Understanding Eating Behavior
Kimberly Day from Decadent Health presented an ACUI webinar in January on understanding eating behavior. She talked about food addiction and gave attendees advice about recognizing the signs and how to assist students struggling with food addiction issues.
Day has 15 years of experience writing, researching, and coaching in the natural health and nutrition industry and knows about this topic from personal experience. She knows disordered eating has no “type,” and that it is marked by a pattern of behavior regarding food.
In high school, she withheld food. In college, she used food to deal with stress, sadness, loneliness, frustration, and peer pressure. This is where she first started to binge and purge. That pattern continued through her 20s, until the purging stopped. But the binging continued. She now identifies as a food addict.
Food addiction is subtle. It sabotages your life, your health, and your self-esteem one spoonful at a time, Day believes. And the college campus can often be the start or natural continuation of this insidious addiction.
Here’s a look at the numbers:
- Nearly 30% of college students are obese, and that’s not counting overweight students.
- Seventy percent of adults age 20 and older are either overweight (32.5%) or obese (37%).
- The percentage of teens who are overweight or obese has increased dramatically in the last four decades.
In the United States, we say we have an “obesity” epidemic, and we talk about diets and weight loss. We are focusing on the wrong issue. We are focusing on the result of the real issue—food addiction, said Day.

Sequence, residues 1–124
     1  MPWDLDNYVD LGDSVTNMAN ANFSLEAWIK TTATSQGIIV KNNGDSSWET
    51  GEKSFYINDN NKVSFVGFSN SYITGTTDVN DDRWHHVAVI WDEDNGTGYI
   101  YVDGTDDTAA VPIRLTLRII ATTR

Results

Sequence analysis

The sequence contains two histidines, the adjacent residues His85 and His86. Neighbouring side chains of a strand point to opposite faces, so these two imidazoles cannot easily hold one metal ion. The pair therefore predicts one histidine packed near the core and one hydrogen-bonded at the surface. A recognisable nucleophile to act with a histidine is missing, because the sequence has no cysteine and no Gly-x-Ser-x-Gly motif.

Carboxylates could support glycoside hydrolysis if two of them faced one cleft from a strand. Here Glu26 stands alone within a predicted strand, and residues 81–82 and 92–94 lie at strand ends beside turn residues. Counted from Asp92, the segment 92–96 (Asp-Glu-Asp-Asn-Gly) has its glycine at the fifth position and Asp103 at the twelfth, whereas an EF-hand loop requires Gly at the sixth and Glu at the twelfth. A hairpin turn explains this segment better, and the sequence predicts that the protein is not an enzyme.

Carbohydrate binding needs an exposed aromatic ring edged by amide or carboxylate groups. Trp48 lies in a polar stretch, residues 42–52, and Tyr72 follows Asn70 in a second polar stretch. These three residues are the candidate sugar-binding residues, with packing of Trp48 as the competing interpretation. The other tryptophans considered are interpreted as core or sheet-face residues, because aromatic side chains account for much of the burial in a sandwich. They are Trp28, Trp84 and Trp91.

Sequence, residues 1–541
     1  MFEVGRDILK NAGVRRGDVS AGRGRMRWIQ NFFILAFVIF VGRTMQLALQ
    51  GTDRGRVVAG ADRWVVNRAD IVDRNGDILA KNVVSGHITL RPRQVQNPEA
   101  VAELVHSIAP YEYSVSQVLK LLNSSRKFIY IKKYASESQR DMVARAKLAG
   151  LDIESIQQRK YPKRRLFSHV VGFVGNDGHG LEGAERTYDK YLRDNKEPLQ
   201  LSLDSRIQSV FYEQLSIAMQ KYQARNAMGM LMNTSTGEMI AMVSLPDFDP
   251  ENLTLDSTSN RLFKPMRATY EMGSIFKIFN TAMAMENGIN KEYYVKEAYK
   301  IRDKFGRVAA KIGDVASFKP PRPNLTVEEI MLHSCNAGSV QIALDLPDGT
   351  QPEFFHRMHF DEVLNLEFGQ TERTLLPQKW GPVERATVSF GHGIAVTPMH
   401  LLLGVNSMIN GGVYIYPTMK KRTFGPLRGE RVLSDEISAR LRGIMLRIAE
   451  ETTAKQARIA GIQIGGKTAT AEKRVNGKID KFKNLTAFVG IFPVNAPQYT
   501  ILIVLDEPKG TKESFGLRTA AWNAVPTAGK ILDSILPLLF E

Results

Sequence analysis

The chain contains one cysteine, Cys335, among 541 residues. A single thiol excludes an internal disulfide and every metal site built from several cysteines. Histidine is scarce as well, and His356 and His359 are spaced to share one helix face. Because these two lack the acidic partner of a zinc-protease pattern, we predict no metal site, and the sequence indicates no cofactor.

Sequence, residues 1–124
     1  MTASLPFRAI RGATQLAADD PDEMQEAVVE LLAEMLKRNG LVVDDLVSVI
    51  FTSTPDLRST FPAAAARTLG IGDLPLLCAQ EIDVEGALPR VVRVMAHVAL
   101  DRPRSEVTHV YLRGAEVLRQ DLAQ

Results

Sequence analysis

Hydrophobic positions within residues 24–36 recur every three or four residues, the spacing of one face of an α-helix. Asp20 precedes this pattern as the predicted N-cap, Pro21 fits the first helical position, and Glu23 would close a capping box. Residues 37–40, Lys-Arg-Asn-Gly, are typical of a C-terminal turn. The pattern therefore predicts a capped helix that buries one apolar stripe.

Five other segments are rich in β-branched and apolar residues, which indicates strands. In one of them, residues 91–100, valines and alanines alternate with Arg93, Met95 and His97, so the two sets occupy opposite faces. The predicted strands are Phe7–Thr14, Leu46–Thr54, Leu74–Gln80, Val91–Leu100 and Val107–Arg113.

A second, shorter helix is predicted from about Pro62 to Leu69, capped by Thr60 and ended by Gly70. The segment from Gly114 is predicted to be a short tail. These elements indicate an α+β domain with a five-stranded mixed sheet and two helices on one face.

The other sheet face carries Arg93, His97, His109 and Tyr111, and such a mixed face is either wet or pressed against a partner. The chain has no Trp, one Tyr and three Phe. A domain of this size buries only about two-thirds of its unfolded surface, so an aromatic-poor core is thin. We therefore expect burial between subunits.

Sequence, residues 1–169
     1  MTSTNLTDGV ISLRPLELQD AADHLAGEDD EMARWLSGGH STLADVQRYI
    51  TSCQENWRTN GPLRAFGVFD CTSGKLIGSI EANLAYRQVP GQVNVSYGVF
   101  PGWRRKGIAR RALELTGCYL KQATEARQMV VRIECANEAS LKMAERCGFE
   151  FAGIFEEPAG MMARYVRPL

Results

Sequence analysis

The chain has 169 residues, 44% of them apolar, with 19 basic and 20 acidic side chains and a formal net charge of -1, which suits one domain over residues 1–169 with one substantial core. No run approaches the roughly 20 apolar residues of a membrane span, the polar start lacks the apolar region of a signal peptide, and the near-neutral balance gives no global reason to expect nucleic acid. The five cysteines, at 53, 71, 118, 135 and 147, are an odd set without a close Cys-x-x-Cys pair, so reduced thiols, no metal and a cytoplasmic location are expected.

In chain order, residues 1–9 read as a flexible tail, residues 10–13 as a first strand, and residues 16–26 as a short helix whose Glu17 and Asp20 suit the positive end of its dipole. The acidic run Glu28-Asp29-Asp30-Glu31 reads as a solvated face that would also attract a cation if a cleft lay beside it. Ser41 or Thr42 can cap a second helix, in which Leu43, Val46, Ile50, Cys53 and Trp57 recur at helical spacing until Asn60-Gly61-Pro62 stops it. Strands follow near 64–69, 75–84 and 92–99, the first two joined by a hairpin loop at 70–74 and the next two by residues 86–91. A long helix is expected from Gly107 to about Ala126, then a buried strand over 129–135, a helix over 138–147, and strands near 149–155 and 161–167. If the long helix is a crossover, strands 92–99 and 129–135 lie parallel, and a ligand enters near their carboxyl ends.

Day calls it America’s most rampant and most misunderstood addiction, and like any addiction, there’s the addictive substance itself, and then there’s the consequence of that addiction. Once you see the issue from this lens, you begin work on treatment and prevention. Day’s goal is to help people identify disordered eating and food addiction and help students overcome this disease.
The warning signs:
- Excess weight
- Purging (vomiting, laxatives, overexercising)
- Going on diet after diet (lose and gain cycle)
- Eating even if you aren’t or are no longer hungry
- Limiting social life
- Continued conflict or drama
- Eating for comfort, to ease depression
- Feeling guilt after eating
- Needing more and more food to reduce negative emotions or increase pleasure
Once identified, the issue can be treated. The first step is to cut the addictive substance: sugar and foods that break down into sugar. Research shows that sugar triggers the exact same receptors in the brain as heroin. The second step is to look at the societal influences that promote weight loss and negative body image. The third step addresses the root cause that can trigger addiction in the first place: using food as a coping mechanism. This means using food to cope with fear, anxiety, or painful situations. Eating out of resentment, loneliness, or boredom. Eating to protect yourself from people who hurt you physically, mentally, or emotionally.
Once you understand the real problem and the traps that undermine recovery, you can start to work to keep students “food sober.” That includes:
- An action plan
- A food plan (eliminate addictive foods)
- A food journal
- Set intentions daily
Changing the relationship to food isn’t easy, but it can be done. And college is the best place to address this, according to the Centers for Disease Control:
“Colleges and universities have long dealt with complex, controversial issues. Enlightenment is our business: we should be educating all of our students—obese or not—about issues related to diet, exercise, and behavioral change. We should openly discuss the stigma of obesity and how we can combat it. Resources to help students reach and maintain a healthy weight can be provided in a sensitive, nonjudgmental, and professional manner. Many students would be grateful for such services.”
To learn more about this topic and how you can help students with these challenges, members can view the ACUI On Demand video of this webinar in the ACUI Library. You can also contact Day at firstname.lastname@example.org.